President Trump is so bellicose toward North Korea lately that the isolated nation, quite reasonably, isn’t totally clear if he’s declaring war or not. They even have made overtures to Republican groups to try to get them to translate Trump’s Tweets into actual, real American policy.
Secretary of State Rex Tillerson has been trying to keep the lines of communication with North Korea at least a little open. Over the weekend, visiting China, he told reporters that he was hoping for direct talks with North Korea.
But President Trump is still a thing, and even though he spent the weekend at a New Jersey golf course, he caught wind of Tillerson’s diplomatic overtures. Trump was quick to declare that Tillerson was “wasting his time trying to negotiate,” even though that’s literally the job of a Secretary of State.
Trump was finished there, either. Underscoring that he learned nothing from last week’s “declaration of war” fiasco, Trump followed the first comments up with a second Tweet saying “…Save your energy, Rex, we’ll do what has to be done!”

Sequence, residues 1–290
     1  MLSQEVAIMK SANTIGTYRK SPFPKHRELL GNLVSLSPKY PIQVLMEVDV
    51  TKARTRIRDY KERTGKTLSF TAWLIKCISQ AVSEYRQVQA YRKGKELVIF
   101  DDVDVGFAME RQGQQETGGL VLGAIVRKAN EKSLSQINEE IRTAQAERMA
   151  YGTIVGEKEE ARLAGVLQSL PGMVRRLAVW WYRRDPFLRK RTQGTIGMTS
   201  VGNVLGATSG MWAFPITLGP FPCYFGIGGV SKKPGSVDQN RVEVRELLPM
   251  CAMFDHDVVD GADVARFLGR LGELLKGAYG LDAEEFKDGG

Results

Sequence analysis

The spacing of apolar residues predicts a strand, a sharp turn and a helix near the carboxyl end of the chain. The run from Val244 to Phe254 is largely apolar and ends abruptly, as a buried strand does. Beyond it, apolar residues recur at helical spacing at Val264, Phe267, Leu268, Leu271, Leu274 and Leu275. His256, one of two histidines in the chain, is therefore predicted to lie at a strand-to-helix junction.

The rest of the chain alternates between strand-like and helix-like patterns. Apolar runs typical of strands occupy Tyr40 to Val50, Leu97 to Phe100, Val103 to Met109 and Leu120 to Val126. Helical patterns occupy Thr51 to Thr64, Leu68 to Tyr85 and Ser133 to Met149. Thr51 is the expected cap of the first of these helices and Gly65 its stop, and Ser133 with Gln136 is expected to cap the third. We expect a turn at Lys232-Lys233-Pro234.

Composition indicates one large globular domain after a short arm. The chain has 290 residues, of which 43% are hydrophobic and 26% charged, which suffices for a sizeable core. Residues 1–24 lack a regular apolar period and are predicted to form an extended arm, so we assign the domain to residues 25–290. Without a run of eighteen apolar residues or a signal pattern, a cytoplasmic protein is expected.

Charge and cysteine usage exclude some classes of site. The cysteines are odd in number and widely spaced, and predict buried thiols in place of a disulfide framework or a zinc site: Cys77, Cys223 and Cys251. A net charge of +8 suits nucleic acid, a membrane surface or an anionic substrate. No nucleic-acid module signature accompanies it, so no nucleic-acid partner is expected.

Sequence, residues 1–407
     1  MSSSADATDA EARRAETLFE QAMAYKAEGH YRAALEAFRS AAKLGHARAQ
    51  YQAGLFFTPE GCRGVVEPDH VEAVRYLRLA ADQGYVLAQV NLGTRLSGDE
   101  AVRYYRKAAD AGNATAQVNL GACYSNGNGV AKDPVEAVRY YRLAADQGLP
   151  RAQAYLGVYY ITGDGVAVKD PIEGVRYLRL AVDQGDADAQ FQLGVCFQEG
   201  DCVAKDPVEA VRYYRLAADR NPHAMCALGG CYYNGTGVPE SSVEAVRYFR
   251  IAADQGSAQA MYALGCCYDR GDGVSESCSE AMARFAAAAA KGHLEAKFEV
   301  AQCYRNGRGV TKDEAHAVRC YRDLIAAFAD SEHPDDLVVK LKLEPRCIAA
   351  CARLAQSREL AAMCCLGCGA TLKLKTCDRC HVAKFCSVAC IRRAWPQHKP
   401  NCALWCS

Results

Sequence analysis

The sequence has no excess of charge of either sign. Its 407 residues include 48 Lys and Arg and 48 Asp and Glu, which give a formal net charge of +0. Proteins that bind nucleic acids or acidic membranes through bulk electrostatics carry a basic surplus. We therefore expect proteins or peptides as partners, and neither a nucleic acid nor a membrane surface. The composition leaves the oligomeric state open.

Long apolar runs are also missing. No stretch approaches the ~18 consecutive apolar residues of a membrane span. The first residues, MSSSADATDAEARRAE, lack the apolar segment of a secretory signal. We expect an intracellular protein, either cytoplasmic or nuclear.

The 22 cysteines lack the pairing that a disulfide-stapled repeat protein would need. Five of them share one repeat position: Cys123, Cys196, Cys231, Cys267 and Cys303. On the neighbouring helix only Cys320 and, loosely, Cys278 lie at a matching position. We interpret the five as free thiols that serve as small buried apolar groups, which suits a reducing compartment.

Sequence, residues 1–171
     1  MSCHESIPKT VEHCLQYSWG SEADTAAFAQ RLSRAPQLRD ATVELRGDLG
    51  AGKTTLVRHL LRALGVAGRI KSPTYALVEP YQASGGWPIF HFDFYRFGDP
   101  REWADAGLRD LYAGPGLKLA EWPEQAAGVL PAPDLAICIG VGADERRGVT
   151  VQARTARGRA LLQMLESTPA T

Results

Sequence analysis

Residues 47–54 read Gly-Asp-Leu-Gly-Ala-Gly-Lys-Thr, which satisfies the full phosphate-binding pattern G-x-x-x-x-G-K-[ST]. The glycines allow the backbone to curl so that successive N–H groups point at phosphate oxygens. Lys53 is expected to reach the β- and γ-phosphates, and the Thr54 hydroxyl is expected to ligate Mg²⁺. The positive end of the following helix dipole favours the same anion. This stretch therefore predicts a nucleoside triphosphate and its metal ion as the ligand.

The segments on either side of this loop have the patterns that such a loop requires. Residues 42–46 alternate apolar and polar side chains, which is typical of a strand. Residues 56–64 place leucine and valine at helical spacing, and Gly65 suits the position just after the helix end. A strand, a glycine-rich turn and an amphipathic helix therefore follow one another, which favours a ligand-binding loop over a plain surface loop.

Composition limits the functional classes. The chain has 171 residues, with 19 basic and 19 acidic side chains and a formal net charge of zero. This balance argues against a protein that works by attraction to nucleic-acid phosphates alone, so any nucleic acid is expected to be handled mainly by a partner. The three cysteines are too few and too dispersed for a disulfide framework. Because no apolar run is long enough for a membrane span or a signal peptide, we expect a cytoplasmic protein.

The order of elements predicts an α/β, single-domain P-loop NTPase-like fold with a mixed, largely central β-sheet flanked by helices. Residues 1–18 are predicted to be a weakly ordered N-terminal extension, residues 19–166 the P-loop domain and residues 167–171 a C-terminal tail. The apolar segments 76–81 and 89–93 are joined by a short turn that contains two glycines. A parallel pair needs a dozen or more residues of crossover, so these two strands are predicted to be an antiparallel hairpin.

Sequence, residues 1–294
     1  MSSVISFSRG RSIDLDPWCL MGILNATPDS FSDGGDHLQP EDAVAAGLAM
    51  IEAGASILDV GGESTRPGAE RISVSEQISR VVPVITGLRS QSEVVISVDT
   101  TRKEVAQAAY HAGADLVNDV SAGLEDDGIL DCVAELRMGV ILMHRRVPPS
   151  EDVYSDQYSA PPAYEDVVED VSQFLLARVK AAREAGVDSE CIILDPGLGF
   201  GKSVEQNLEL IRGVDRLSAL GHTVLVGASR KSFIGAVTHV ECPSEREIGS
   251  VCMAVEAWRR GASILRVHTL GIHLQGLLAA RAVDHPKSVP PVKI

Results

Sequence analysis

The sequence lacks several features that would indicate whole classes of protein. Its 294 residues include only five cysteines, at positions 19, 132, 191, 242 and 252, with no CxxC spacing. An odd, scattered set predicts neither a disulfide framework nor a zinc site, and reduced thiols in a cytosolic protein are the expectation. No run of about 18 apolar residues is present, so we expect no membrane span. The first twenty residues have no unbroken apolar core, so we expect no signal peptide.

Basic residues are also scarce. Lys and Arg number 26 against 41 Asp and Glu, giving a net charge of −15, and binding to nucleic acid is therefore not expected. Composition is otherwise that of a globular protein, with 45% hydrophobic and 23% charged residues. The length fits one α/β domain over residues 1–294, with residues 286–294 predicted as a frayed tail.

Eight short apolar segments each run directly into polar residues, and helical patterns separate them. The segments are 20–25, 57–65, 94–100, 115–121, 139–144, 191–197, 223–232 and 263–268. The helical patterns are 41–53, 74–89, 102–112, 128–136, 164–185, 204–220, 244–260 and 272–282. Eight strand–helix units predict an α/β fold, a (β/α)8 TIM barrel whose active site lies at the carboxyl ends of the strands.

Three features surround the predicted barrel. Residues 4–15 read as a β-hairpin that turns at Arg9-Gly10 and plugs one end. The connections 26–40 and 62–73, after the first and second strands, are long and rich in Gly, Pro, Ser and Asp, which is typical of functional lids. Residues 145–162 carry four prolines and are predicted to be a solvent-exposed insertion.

Absolutely reckless. Trump is proving to Pyongyang he's only interested in the military approach. It's dangerous to have him as president. pic.twitter.com/xYTCDTtRGb
— John Glaser (@jwcglaser) October 1, 2017
There’s been no response from North Korea yet, but given last week’s talk of them not being around much longer led to concerns about war, the vow to “do what has to be done,” which Trump has repeatedly suggested is total destruction, is likely to fuel similar comments from North Korea, who could reasonably see these as overt threats of war.
But perhaps even more importantly, because the president can’t go more than a few days without overt threats of war, is what this portends for his relationship with Rex Tillerson.
This is the latest in a long line of moves Trump has made to undercut diplomatic efforts by his own Secretary of State. That Tillerson is overseas trying to soothe tensions only to get spurned by a Tweet from a golf course is particularly embarrassing, and makes the Secretary of State appear totally powerless to effect any diplomacy at all.